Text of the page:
Learn math, science, English SAT & ACT from
highquaility study
videos by expert teachers
Thank you for watching the preview.
To unlock all 5,300 videos, start your free trial.
Solving Exponential Equations with the 'Same' Base  Problem 3
Carl Horowitz
Carl Horowitz
University of Michigan
Runs his own tutoring company
Carl taught upperlevel math in several schools and currently runs his own tutoring company. He bets that no one can beat his love for intensive outdoor activities!
Solving a exponential equation. So for this particular example, what we're looking at is two exponential equations that are equal to each other one being a fraction, one not.
So what we need to do is make our bases the same somehow, so when our bases are the same, we can set our exponents equal. So the trick here is to get the same base. Both 9 which is our denominator here and 27 our power of 3. So we can rewrite them as such, the trick is to get this 9 out of the denominator and remember that negative exponents would do that for us.
So what we can do is we can say that this I know remember 9 to the 1 is equal to 1 over 9, so if you want to do in multiple steps what you can actually say is this is 9 to the 1 to the x and then remembering that 3² is 9, this then becomes 3² to the 1 to the x. You could just jump through to the negative second is, I forgot a parenthesis, you could just say 3 to the 2 is the same thing as 1 over 9, if you can see that in your head otherwise you can take a couple of steps to write it out.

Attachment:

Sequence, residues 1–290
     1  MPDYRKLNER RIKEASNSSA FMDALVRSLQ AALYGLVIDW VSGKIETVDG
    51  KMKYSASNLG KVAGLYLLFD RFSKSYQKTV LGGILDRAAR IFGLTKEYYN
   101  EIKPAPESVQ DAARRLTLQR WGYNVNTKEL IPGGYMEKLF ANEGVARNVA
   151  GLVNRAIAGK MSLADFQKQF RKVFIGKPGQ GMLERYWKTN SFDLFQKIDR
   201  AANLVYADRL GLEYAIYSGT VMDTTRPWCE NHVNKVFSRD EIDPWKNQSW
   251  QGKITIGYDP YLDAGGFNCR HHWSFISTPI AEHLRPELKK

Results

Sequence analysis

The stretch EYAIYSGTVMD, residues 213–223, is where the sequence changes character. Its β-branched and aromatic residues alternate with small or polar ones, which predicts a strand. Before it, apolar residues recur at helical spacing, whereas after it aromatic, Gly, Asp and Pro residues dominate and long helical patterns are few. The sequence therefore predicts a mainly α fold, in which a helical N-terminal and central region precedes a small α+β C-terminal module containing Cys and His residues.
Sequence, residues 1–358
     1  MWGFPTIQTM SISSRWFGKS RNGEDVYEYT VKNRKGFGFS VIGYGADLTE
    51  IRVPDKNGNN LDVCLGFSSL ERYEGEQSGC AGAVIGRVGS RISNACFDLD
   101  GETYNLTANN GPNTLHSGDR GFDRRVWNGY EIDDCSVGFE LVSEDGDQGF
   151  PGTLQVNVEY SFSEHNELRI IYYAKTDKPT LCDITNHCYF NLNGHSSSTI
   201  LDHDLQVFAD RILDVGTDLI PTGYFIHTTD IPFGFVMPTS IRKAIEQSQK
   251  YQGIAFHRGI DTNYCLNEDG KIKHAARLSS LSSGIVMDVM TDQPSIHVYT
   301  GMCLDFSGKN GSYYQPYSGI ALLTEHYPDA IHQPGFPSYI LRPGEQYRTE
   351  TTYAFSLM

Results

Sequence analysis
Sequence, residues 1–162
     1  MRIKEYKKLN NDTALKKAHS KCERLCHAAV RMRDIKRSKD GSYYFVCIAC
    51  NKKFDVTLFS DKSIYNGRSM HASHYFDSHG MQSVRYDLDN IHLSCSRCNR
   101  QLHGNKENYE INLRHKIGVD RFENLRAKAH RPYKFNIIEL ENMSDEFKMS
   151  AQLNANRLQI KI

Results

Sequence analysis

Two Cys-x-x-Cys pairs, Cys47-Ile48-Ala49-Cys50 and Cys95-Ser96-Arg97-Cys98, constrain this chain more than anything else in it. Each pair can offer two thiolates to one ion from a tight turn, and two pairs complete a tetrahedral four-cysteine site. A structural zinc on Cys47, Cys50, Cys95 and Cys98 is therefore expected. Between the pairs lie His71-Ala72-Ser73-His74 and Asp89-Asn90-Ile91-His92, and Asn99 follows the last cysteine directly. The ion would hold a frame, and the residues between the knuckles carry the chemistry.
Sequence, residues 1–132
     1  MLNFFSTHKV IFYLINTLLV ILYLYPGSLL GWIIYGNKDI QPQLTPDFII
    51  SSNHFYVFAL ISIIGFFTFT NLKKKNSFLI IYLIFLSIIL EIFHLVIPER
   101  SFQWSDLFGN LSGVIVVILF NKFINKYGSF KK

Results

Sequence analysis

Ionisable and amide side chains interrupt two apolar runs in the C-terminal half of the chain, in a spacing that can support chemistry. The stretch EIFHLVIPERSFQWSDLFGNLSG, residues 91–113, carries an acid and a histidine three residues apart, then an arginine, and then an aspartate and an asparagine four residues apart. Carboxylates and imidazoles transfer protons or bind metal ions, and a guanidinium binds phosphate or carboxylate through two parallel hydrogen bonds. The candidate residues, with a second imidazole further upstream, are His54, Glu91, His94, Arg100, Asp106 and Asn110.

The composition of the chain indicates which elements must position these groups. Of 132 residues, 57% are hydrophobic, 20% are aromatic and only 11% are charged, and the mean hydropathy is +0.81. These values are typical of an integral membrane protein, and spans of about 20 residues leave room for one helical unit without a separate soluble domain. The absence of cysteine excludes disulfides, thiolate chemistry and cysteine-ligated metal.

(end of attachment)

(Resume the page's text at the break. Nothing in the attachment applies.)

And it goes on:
So what we have right here is a bunch of powers, just remember that a power to power we multiply, so 2 to the negative first, this becomes 2 to the x, 2x, so this whole thing is 3 to the 2x. Rewriting 27 as a power of 3 becomes 3³, so those squared power to power multiply so that becomes the same thing then as 3 to the 6. Once our bases are the same, we set our exponents equal, so 2x is equal to 6 divide by 2, x is equal to 3.
So by getting our bases both to be the same, we could solve this exponential. One other note is that we didn't have to choose 3 to be our base, we could have if we wanted to chose 1/3 this one over. We would have instead made this exponent negative and kept this one positive either way would have been fine. In general I try to avoid fractions, but if you like fractions if you like 1/3 instead of 3, it would have worked just fine.
Please enter your name.
Are you sure you want to delete this comment?
Carl Horowitz
B.S. in Mathematics University of Michigan
He knows how to make difficult math concepts easy for everyone to understand. He speaks at a steady pace and his stepbystep explanations are easy to follow.
Sample Problems (6)
Need help with a problem?
Watch expert teachers solve similar problems.

Solving Exponential Equations with the 'Same' Base
Problem 1 10,429 viewsSolve:
7^{x − 1} = 49 
Solving Exponential Equations with the 'Same' Base
Problem 2 9,430 viewsSolve:
16^{x} = 8^{x − 1} 
Solving Exponential Equations with the 'Same' Base
Problem 3 8,497 viewsSolve:
( 1 )^{x} = 27² 9 
Solving Exponential Equations with the 'Same' Base
Problem 4 1,932 views 
Solving Exponential Equations with the 'Same' Base
Problem 5 1,941 views 
Solving Exponential Equations with the 'Same' Base
Problem 6 2,010 views
Comments (0)
Please Sign in or Sign up to add your comment.
·
Delete